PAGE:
Bungie’s Destiny 2 fraud lawsuit will be decided by a jury this week

The jury trial between Lot 2 Developer Bungie and maker and distributor of fraud software AimJunkies filed the lawsuit Monday, nearly three years after the lawsuit was filed by Bungie lead attorney Jacob Dini in a Seattle court. It’s been a long, complicated journey to this point: AimJunkies, owned by Phoenix Digital Group, countered Bungie in 2022, claiming that the Sony-owned company illegally gained access to James May’s computer and gained access to his copyrighted material. Then, in 2023, parts of the lawsuit – anti-circumvention and human trafficking violations – were resolved in arbitration, with Bungie winning $4.3 million. Months later, AimJunkies filed an appeal against the decision. arguing that the arbitrator “blatantly ignored some rules in making his decision.” That appeal is still ongoing. This week, Bungie and AimJunkies are in court to settle the claim that AimJunkies violated Bungie’s copyright.

Opening statements began Monday after eight jurors were selected. It’s probably the first time a video game cheating lawsuit has made it this far in the legal system attorneys who spoke to Game File. The point is that cheating is not explicitly against US law. The arbitrator found that AimJunkies violated the anti-circumvention rules of the Digital Millennium Copyright Act by circumventing Bungie’s security measures And by trading (or selling) software designed to circumvent these measures. Now Bungie wants to prove that AimJunkies also broke copyright law.

Bungie’s lawyers accuse one of the defendants, James May, of hacking Lot 2 to copy the code to create the cheating software sold by AimJunkies, according to court documents. Bungie said May will share revenue with Phoenix Digital’s Jeffrey Conway and Jordan Green. Bungie has reportedly found records showing that Phoenix Digital paid May “more than $700,000 for his work,” Bungie attorney William C. Rava said during the opening statement: as reported by Law360. But sales data provided by Phoenix Digital only documented $43,000 in sales. Bungie’s lawyers claim the company has removed cryptocurrency and other transactions. That’s why they’re asking the jury to consider “tampering with evidence,” court documents show. This means Bungie’s lawyers are asking the jury to believe the defendants destroyed evidence that could incriminate them.

The evidence that Bungie says has been deleted likely includes forum posts, cheat software data, and sales information. Bungie claims May “wiped four hard drives that (May) claims Bungie unlawfully accessed in connection with this lawsuit.” Phoenix Digital’s lawyers don’t want Bungie to ask the jury to consider this, they said in their own filings.

In addition, Bungie told the judges about several other confusing details, such as that of Phoenix Digital alleged sale of AimJunkies for 7,000 bitcoins, worth more than $480 million, to a company called Blome Entertainment in 2022. Phoenix Digital founder David Schaefer told Bungie’s lawyers that he made the sales press release to see Bungie “run around in circles and look like fools to see’. (Phoenix Digital was ordered to pay $5,000, plus attorney fees, to Bungie “as sanction for Schaefer’s harassing and unprofessional conduct” in a March 2023 deposition, according to court documents.)

On the side of Phoenix Digital and AimJunkies, attorney Philip P. Mann said in his opening statement that May the Lot 2 deception, and that the Lot 2 creator had subjected Schaefer to 16 hours of interrogation in a “campaign of discovery to find out who Bungie thinks is behind this international conspiracy to develop cheats,” according to Law360. Mann said Bungie doesn’t have much evidence. Mann added that the lawsuit has effectively bankrupted Phoenix Digital and put May out of work, while Bungie goes after the alleged $10,000 in profits the company made. Lot 2 cheat software – suggesting this is a David and Goliath scenario.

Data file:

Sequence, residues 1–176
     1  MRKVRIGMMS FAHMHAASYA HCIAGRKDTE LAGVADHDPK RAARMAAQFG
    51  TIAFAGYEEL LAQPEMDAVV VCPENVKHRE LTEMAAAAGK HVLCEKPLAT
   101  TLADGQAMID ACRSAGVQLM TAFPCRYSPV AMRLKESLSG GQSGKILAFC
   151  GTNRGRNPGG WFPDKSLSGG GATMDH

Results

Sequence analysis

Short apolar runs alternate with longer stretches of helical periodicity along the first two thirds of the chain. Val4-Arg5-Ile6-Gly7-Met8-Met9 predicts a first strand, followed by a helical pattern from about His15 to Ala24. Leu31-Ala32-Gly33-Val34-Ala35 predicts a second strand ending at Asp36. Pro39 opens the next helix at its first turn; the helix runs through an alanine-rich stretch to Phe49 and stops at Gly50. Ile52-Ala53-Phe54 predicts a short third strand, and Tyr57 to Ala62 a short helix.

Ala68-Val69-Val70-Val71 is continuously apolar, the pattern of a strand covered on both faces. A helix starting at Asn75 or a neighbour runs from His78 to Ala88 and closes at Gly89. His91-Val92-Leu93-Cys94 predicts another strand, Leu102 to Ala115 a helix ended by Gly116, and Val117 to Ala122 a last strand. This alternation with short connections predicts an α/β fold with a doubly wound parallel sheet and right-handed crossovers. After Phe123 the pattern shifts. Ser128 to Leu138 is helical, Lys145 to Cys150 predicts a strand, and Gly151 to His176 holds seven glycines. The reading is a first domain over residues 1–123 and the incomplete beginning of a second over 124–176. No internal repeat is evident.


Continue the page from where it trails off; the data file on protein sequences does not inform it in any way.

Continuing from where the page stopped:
Mann’s argument focuses on the fact that cheating is not illegal, and that no copyright infringement was committed by the cheat makers, because May didn’t even create the cheats. AimJunkies.com is a cheat marketplace, the lawyer said, and not a cheat creation. company. Phoenix Digital also claims that May is not an employee of the company, but simply a person who sells cheats – crucially, not Lot 2 cheats, according to Phoenix Digital – on the platform.

For example, the cheating software in question allows players to see through walls and see where their enemy is, giving the cheating party an advantage. There are also cheats to aim better or reduce the recoil of a weapon, for example. Again, it’s not necessarily illegal to cheat in a video game, although Bungie claims this could be an infringement Lot 2‘S terms of service even for the player – but it is It is illegal for a cheat maker to use copyrighted code to create the cheat software. It’s an argument Bungie and its lawyers are familiar with: Bungie has sued numerous fraudulent software makers and vendors in recent years. Often wins by defaulting or reaching a settlement before proceeding to trial.

Court resumed at 9 a.m. PDT on Tuesday and is expected to continue throughout the week. While the lawsuit will resolve the copyright issue, Bungie and AimJunkies will also have to settle the arbitration appeal before the U.S. Court of Appeals for the Ninth Circuit at a later date. On appeal, Mann describes this move is the first step by a company to “actually stand up to Bungie and seek a decision on the merits of whether ‘cheating’ in computer games is unlawful in the absence of an actual violation and existing intellectual property right.” The appeal is currently being considered for oral arguments in a Portland, Oregon court in August or September. Polygon has reached out to lawyers from Bungie as well as Phoenix Digital and AimJunkies for comment.